How does the power of a scope affect accuracy?

by Tom Gaylord, a.k.a. B.B. Pelletier

Today’s report is a guest blog from duskwight, our blog reader in Moscow. It’s a report of a test to determine if changing the power of a variable scope affects the potential for accuracy

If you’d like to write a guest post for this blog, please email me.

Over to you, duskwight.

How scope power affects accuracy
by duskwight

Hello, my airgunning friends! This is a report of a small test I performed recently to see if changing the power of a rifle scope affects the accuracy potential in any way. I guess the thing I’m testing is if you need to see the target as large as possible for aiming precision, or if you can be just as accurate when it appears smaller, because the crosshairs of your scope will still be in the same place.

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Scope dope — I hope! Part 5

by Tom Gaylord, a.k.a. B.B. Pelletier

Part 1
Part 2
Part 3
Part 4

This is an ongoing series about scope questions and issues. Blog reader David Enoch asked for it originally, but many other readers have jumped in since it began. Today, I’m going to give you some scope tips I’ve learned over the years.

Tom’s scope tips

1. Get good glass!
You can’t hit what you can’t see! The quality of the glass in the lenses; the coatings on the glass; and the perfection with which the optics were ground, finished and handled during production are all more important than superfluous features like illuminated reticles and mil dots.

I look for clarity in a scope long before I consider anything else. I’ve been known to select a 4x scope over a 4-16x just for this reason.

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TX200 Mark III: Part 6

by Tom Gaylord, a.k.a. B.B. Pelletier

Part 1
Part 2
Part 3
Part 4
Part 5

Air Arms TX200 MkIII air rifleBB’s TX200 Mark III.

This is my second trip to the rifle range to shoot the TX200 Mark III at 50 yards. Last time, I shot only heavy pellets; today, I’ll shoot the hopefully more-accurate lightweight pellets, plus one JSB medium-weight pellet that several blog readers have had success with.

I also shot the rifle laying across the sandbag, instead of in the long groove down the center. Several readers said that was the best way to rest the rifle directly on the bag.

TX 200 Mark III rested lengthways
When I tested the rifle last time with heavy pellets, this is how it laid on the sandbag.

TX 200 Mark III rested sideways
For most of today’s test, the rifle laid sideways on the bag.

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TX200 Mark III: Part 5

by Tom Gaylord, a.k.a. B.B. Pelletier

Part 1
Part 2
Part 3
Part 4

TX 200 Mark III
BB’s TX200 Mark III.

Yesterday, I shot the TX200 Mark III at 25 yards and discovered that it can shoot accurately when rested directly on a sandbag. Today, I’ll take the rifle to the range and shoot it again at 50 yards.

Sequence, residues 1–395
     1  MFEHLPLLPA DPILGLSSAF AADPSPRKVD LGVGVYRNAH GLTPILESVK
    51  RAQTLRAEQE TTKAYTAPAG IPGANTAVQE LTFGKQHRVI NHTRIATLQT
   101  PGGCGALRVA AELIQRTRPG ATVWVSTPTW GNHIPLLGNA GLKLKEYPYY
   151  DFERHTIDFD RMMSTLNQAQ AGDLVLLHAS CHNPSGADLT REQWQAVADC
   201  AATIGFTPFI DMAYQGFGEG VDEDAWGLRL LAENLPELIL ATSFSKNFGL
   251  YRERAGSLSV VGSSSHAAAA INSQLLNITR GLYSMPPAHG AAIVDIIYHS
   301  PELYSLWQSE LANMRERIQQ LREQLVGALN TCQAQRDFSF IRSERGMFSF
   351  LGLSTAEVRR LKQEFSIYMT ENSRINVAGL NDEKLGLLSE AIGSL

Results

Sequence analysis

I decided to continue shooting with the rifle rested directly on the bag because it seems to work well, and also because I haven’t settled down yet. The bag-rested results should be a fair representation of what the rifle can do.

The day was dead calm throughout the test. Conditions were perfect for the rifle to do its best. But the results were most interesting and not what I expected.

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TX200 Mark III: Part 4

by Tom Gaylord, a.k.a. B.B. Pelletier

Part 1
Part 2
Part 3

TX 200 Mark III
BB’s TX200 Mark III.

Today’s lesson is about sighting-in a rifle scope. I know that scope mounting and sighting-in seems daunting, but it isn’t as hard as you might imagine. In the last report, I sighted-in at 10 feet. Because I got lucky, it took just 2 shots to sight-in the rifle; and when I finished, I told you I was ready to try the rifle at 25 yards. I said, based on the results of my 10-foot sight-in, it should be on paper at that distance (actually it would be on target at any distance between 20-35 yards, given the TX 200′s velocity), but it probably wouldn’t be exactly where I wanted it. Today, we’ll find out if that prediction is correct.

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Scope basics: Part 2

by Tom Gaylord, a.k.a. B.B. Pelletier

Part 1

Parallax
Parallax is an optical term describing how the point of view affects what the viewer sees. The driver of a car may see his speedometer needle at 60 m.p.h, while a passenger to his right may see it hovering just above 57 m.p.h. In the UK, the passenger is on the driver’s left and the speedo needle will appear to be over the 63 mp.h. mark. The needle hasn’t moved in either case, but the observer’s viewpoint has moved.

And so it is with a scope. You look through it and see the crosshairs exactly in the center of the bullseye; but if you move your head on the stock, the crosshairs will also appear to move slightly. So, where you hold your head relative to the scope determines where the scope appears to be “looking.”

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Scope basics: Part 1

by Tom Gaylord, a.k.a. B.B. Pelletier

This article was originally written for the upcoming Pyramyd Air catalog. But there were so many new rifles and pistols that we didn’t have room for this. I felt it was important enough to get it out, so I’m publishing it on the blog.

You’d like to have a scope; but when you check into the subject, it gets very confusing, very fast. In this 2-part blog, we’ll explore the basics of scopes.

A telescopic sight, or scope, is a type of sight that magnifies the target, usually making aiming easier. It may have a fixed amount of magnification or the magnification may vary within a range, allowing the shooter to select what he wants.

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